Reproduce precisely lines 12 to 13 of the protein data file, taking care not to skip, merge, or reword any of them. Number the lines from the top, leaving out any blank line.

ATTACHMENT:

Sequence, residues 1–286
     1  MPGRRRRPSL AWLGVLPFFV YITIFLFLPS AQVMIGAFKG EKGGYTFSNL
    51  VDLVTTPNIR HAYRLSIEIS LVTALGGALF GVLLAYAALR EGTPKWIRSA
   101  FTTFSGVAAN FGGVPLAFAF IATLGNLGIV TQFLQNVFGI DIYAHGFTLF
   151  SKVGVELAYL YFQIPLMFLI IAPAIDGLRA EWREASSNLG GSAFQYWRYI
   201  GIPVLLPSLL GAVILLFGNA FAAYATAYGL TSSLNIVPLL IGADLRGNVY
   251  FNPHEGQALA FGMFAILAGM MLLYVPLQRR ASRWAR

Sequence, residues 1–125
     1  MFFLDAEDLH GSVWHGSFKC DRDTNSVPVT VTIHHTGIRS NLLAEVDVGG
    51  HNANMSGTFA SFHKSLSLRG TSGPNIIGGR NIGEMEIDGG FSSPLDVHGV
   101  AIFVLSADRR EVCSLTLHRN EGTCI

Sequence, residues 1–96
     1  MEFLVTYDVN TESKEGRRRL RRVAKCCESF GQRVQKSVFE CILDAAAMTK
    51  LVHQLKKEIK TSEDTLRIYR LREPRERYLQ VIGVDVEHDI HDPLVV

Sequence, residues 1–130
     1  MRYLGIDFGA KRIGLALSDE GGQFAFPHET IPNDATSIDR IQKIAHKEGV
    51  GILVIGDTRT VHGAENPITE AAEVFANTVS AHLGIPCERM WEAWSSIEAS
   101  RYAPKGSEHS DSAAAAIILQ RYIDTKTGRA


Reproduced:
Sequence, residues 1–96
     1  MEFLVTYDVN TESKEGRRRL RRVAKCCESF GQRVQKSVFE CILDAAAMTK